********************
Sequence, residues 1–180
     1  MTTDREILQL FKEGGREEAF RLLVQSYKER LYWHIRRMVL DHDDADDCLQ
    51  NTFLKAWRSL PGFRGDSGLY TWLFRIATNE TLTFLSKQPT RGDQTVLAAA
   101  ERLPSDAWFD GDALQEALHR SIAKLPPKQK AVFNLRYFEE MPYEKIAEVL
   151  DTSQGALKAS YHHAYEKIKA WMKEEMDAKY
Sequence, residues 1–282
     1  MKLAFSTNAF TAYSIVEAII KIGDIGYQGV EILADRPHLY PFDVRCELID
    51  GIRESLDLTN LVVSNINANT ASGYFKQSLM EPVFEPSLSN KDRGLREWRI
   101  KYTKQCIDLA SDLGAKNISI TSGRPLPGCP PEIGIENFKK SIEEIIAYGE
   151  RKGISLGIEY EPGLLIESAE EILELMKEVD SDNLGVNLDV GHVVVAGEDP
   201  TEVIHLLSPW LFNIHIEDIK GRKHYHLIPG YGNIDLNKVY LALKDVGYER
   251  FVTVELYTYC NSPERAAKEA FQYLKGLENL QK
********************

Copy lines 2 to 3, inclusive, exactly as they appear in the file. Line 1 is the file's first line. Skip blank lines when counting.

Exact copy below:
     1  MTTDREILQL FKEGGREEAF RLLVQSYKER LYWHIRRMVL DHDDADDCLQ
    51  NTFLKAWRSL PGFRGDSGLY TWLFRIATNE TLTFLSKQPT RGDQTVLAAA